For the second year in a row, I’ve been disappointed by the fact that I’ve been unable to go to Exarchos and enjoy the experience of a village feast of barbecued lamb at the Church of Saints Taxiarches (Άγιοι Ταξιάρχε) for their annual lamb feast on the Tuesday following Easter. Last year, we were under Lockdown for Easter, and this year pretty much the same. This year however, we were “allowed” to do a little bit of traveling and families could get together in small gatherings to celebrate Easter.
It’s a very important holiday to Orthodox Greeks and there likely would have been a rebellion of some sort if the government had not eased restrictions in some way for Easter 2021.
The eased restrictions allowed us to travel to the Artemida Loutsa area where my companions sister and brother-in-law have a small “beach house.” It’s not on the beach, but about a 10 minute drive – although we did not go anywhere close to the water on this visit.
Fireworks & The Resurrection
Having grown up in a Protestant family, I’m not really aware of the traditions (as opposed to some doctrines) of the Roman Catholic church, let alone Greek Orthodox. But it seems that normally, on the Saturday night of the Easter weekend, as midnight passes, there is much singing at the churches and some in the crowds will throw fireworks and large “firecrackers” in order to make lots of noise. This is to celebrate the resurrection of Jesus Christ as the clock passes the midnight hour and into Sunday.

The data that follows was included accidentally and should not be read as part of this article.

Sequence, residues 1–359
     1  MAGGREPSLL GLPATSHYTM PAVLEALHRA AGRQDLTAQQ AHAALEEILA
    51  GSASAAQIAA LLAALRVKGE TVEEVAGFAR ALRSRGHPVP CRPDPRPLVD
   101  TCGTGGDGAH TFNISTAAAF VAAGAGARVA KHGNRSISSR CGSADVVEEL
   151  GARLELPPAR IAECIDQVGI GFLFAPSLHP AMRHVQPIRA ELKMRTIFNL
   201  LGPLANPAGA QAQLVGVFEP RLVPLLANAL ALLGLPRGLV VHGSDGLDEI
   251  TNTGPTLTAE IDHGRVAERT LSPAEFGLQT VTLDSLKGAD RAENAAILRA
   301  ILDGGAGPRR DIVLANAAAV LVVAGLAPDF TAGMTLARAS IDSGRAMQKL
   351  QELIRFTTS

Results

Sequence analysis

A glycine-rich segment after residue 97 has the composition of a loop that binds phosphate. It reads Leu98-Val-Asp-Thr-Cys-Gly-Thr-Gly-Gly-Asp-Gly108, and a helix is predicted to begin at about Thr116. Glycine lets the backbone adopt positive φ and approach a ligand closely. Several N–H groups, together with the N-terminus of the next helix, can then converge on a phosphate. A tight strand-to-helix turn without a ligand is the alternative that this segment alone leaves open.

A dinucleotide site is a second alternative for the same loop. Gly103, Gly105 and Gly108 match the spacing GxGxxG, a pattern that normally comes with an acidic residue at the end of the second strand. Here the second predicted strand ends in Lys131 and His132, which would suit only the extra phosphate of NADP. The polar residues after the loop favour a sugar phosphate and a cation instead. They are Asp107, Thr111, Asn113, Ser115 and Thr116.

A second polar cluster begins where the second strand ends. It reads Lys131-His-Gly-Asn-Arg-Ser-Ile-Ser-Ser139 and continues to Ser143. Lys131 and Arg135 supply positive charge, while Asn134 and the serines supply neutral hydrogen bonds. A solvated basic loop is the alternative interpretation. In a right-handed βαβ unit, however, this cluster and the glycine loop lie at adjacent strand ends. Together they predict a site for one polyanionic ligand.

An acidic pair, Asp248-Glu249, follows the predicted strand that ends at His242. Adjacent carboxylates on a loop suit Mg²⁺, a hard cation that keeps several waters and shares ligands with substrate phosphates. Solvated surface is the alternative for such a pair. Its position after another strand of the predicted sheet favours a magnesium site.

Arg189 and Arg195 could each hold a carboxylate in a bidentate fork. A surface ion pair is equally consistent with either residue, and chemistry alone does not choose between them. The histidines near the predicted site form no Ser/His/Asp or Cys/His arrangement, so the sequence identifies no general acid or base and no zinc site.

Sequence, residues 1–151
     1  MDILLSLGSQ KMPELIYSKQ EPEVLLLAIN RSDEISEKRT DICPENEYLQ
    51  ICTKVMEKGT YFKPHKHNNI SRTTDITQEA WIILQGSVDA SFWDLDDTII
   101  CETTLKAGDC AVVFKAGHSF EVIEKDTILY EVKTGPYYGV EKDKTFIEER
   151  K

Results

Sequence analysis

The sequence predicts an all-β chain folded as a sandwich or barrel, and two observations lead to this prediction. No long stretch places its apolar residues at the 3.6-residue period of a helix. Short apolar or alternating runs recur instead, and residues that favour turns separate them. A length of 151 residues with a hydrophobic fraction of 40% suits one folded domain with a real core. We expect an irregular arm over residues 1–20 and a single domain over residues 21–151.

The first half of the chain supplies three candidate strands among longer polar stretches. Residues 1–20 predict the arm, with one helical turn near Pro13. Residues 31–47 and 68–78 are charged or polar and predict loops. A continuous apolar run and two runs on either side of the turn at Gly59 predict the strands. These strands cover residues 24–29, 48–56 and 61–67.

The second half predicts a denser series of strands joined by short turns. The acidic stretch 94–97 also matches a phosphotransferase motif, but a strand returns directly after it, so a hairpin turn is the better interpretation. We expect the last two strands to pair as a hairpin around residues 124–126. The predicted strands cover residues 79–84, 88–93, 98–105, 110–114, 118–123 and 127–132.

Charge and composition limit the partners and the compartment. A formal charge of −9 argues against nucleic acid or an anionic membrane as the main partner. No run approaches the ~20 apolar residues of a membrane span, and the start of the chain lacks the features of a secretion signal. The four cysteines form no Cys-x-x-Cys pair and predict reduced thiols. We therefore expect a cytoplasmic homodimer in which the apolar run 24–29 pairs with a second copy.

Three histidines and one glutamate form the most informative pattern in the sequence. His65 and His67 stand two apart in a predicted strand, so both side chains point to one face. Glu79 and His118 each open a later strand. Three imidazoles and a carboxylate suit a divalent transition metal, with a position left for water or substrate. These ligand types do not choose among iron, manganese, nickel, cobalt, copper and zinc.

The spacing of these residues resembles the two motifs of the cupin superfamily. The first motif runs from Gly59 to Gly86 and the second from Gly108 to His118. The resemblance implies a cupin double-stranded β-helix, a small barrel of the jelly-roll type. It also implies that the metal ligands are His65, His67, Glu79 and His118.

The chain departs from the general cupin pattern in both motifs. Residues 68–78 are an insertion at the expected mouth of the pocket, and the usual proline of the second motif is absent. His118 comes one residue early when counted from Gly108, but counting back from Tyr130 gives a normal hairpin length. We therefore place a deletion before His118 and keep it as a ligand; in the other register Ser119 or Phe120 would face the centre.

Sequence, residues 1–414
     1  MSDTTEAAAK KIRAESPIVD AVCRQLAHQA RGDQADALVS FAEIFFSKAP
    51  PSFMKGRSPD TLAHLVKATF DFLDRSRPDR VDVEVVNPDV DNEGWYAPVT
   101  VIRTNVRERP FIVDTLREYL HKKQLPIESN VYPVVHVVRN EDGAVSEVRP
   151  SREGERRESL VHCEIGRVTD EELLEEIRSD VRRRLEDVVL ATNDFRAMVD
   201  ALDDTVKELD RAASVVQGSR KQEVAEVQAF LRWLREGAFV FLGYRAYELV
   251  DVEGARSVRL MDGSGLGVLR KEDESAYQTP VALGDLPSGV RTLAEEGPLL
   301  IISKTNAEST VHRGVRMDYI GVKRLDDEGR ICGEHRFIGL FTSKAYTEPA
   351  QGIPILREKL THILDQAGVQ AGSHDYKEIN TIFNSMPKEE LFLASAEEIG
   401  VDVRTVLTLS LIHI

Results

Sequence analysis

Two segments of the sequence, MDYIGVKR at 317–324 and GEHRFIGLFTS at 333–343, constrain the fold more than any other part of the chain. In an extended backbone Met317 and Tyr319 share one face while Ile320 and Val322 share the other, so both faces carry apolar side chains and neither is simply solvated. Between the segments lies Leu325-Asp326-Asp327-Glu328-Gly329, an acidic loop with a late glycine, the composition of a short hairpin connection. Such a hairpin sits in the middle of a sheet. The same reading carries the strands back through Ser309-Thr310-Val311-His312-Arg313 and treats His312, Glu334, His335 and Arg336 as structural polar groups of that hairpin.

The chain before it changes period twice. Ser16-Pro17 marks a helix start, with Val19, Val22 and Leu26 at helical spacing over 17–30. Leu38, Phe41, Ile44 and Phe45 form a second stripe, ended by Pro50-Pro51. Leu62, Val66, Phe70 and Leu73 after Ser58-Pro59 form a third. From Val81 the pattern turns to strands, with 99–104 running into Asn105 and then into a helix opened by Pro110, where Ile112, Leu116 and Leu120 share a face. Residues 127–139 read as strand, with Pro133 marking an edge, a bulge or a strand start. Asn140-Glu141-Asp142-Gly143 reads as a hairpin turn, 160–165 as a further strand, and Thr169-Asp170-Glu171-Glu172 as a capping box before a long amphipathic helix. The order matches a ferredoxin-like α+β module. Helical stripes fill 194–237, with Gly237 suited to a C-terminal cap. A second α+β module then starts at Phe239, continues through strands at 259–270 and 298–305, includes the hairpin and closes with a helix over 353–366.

This year however, the Orthodox Church agreed to celebrate at 9PM instead of midnight, in order to keep the 10:00pm curfew that was still in place. So while I did not get to Exarchos again this year, I did experience my first Easter celebration at an Orthodox church. It was quite a bit different than any Easter service that I had attended in Protestant churches – partly because there are no services (at the churches I attended) on Saturday, and generally the services are nothing like attending one at a Greek Orthodox.. There are the normal morning and evening services on Sunday, both which would have an Easter theme in preaching and teaching. The Protestant churches I attended seldom involved lighting candles, kissing icons, or standing around outside during the service.
We went to the Church of Agios Serafim located within Artemida and only a 5 minute drive from the house. It was extremely difficult to find parking and the crowds out in front all seemed pretty enthusiastic about celebrating the day, most people holding candles that they had lit from candles burning inside the church.
I couldn’t really make out what was going on during the service although priests were singing and chanting and every so often, a priest would make some remarks in Greek. And at about 9PM, many in the crowd through fireworks off to the side away from everyone. In the distance, I could see fireworks in the sky at other churches, at the same time.
We did not stay long at the church – perhaps 45 minutes maximum, while standing outside with the crowd – a mask wearing crowd, it was.
After church on Saturday night, the goal is to try to keep your candle lit along the journey home and take them inside when you arrive to bring in the “Holy light” into your house. I managed to keep mine lit with the 7 minute or so walk to the car, and as a passenger. Others who were not able to keep their lit simply relit them from the candles that were still with flame, and then took them in. They were all put into a large glass jar to burn.
I had no idea what events were planned for the rest of the evening and tried to just “go with the flow…” but when we got back to the house, a traditional dish of cooked greens and rice mixed with pieces of liver was served to us. Normally I can’t stand liver – although I wish I could as I know it is healthy to eat – but this dish was palatable to me. It was likely liver of goat or lamb.